A Kiwi beauty blogger has lashed out at Avon on social media after the company released an advertising campaign she claims "body shames women".

Kris Fox, who is a celebrated influencer in New Zealand, slammed the brand's anti-cellulite cream print advert which says "dimples on your face are cute (not on your thighs)".

"What the f*** is this body shaming bulls***?" she asked her 18,000 followers.

"Apparently this is for Avon's #NakedProof campaign! How disgusting, ya'll are horrible.


"What I want to know if how did this get approved by marketing and make it through print?

"What we're not doing in 2019 is setting unrealistic beauty standards. Everyone is beautiful in their own way. So Avon, you can CHOKE!".

Her tweets received applause from fans who were similarly shocked at the images.

The Kiwi blogger's concerns comes just days after UK actress Jameela Jamil complained about the same adverts promoting a skincare range called Body Proof.

Responding to the advert, Jamil tweeted: "And yet EVERYONE has dimples on their thighs, I do, you do, and the CLOWNS at @Avon_UK certainly do.

"Stop shaming women about age, gravity and cellulite. They're inevitable, completely normal things. To make us fear them and try to 'fix' them, is to literally set us up for failure."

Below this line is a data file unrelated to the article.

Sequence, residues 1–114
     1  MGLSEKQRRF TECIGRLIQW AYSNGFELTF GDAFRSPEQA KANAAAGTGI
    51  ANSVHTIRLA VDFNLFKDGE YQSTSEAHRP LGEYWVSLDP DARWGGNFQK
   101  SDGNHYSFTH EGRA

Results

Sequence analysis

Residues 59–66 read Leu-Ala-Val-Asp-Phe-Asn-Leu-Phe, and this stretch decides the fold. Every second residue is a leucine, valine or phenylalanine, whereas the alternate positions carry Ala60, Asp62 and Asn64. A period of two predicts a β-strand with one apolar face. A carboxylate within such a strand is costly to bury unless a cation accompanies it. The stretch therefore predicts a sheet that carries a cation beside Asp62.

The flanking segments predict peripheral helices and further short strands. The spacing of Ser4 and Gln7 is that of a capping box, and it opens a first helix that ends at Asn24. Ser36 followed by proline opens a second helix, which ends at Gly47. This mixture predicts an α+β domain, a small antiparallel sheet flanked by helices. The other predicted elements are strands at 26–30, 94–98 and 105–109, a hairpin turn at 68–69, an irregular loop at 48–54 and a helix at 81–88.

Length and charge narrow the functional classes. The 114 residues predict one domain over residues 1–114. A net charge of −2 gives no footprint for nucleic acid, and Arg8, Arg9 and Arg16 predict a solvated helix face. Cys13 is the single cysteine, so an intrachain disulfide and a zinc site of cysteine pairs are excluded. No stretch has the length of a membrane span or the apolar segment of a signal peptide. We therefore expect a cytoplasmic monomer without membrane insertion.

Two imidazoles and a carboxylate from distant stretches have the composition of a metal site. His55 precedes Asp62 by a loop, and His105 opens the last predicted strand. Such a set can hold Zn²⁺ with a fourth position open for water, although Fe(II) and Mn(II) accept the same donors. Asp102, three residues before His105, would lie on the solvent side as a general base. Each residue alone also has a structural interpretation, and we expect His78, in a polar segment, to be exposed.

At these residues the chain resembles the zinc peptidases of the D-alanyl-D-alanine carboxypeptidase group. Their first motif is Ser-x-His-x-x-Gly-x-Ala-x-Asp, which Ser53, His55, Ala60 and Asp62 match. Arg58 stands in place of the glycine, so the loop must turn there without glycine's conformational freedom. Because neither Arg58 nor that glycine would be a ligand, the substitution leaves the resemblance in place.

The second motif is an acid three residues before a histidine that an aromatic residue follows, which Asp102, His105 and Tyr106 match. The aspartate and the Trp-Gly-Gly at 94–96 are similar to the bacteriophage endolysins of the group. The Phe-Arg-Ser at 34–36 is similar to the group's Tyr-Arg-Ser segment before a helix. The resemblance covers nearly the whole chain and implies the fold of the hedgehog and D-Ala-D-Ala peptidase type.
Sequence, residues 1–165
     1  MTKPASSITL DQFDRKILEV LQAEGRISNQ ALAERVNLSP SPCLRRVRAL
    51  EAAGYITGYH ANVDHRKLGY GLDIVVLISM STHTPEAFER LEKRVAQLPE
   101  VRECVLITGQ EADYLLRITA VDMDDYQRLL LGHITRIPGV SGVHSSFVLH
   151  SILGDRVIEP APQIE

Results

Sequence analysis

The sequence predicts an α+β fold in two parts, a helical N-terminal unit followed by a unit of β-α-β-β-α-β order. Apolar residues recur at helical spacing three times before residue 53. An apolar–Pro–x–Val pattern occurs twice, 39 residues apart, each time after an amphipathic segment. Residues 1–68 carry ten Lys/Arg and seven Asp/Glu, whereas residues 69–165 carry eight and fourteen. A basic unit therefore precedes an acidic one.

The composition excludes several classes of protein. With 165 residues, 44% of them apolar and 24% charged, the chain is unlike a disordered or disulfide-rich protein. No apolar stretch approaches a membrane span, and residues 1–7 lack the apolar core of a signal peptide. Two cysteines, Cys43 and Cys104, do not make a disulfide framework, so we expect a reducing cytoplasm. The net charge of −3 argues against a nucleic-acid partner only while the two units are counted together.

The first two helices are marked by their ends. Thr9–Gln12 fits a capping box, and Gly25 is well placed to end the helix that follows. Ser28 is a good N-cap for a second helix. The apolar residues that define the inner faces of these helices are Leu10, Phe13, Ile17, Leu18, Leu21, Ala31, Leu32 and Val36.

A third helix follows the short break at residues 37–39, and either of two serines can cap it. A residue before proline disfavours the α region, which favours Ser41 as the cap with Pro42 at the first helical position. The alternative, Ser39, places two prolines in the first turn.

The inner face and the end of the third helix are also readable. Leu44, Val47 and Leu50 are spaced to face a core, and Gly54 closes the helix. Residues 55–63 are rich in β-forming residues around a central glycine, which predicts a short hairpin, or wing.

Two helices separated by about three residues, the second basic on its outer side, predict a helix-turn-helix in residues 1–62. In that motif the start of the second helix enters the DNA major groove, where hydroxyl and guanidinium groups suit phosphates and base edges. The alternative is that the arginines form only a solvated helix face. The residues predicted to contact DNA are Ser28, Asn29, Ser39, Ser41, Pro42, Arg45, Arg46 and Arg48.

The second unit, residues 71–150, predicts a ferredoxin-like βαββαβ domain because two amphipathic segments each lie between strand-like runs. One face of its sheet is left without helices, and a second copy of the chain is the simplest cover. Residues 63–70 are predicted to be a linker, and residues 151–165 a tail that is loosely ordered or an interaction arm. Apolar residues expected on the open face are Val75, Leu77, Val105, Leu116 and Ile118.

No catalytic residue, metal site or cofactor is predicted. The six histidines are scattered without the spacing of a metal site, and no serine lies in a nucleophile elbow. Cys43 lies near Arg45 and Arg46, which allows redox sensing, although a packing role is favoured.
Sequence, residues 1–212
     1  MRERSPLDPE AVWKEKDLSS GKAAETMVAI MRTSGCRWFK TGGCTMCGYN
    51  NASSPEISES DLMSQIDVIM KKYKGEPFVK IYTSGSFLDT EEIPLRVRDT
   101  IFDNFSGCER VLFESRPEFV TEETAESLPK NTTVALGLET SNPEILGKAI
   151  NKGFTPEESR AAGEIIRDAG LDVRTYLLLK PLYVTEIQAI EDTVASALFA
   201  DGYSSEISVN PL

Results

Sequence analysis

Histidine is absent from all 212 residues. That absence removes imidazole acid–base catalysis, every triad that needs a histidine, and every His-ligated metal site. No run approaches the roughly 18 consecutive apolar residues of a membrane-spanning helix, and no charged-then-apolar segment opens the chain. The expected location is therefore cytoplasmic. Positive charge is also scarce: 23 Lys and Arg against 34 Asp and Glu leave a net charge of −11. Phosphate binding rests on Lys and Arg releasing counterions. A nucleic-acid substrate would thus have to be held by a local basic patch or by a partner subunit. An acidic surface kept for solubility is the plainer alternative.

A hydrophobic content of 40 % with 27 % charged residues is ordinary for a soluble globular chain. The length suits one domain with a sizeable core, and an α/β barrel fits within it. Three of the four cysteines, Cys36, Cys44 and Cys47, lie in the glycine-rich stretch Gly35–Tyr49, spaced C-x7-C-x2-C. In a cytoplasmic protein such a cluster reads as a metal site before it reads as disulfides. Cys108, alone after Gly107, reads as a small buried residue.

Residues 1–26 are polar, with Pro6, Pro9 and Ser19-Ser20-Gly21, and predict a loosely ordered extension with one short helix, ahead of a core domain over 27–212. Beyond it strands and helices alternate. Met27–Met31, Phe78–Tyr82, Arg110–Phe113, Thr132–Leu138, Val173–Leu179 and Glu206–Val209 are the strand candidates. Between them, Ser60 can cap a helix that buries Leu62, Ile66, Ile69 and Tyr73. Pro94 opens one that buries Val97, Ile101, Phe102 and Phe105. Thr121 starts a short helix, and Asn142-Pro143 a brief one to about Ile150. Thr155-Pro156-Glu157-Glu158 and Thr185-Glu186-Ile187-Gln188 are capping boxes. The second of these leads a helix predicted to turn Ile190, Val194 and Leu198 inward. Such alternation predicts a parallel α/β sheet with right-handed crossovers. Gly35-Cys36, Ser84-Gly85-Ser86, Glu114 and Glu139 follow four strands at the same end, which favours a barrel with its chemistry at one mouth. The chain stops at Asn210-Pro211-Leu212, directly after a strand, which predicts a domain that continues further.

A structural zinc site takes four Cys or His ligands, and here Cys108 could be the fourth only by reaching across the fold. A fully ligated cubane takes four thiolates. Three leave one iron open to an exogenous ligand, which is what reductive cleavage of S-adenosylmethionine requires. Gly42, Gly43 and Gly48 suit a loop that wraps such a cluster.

Another image shows a woman dancing in her underwear with the caption "buh-bye cellulite" and says users will "see dramatic results in just four weeks".

A third on says "every body is beautiful", and went on to claim that their products reduced cellulite, firmed skin and softened stretch marks.


The Good Place star carried on criticising the adverts by tweeting: "Everybody is beautiful, unless they have any "flaws" I guess. What a gross abuse of the body positive movement.

"I want you all to look out for this constant manipulation. Once you see it, you can't unsee it. It's everywhere. You are constantly being manipulated to self hate."

She went on to say why she thought these sorts of adverts were so wrong. "Shame on @AvonInsider and any publication that allows this sort of abusive advertising.

"My timeline is full of women saying adverts like these are why they are afraid to be naked in front of lovers, or to wear a swimsuit. You are being robbed of your money and self esteem."

Avon UK quickly replied, claiming they had no responsibility for the campaign.

"Hi Jameela, Naked Proof is not an Avon UK Campaign and will not be featured in any of our materials. We are looking into this further."

Avon US who were responsible for the adverts wrote: "Hi Jameela, we intended this to be light-hearted and fun, but we realise we missed the mark. We've removed this messaging from all marketing materials.

"We support our community in loving their bodies and feeling confident in their own skin."

They also shared an apology to all their consumers on Twitter.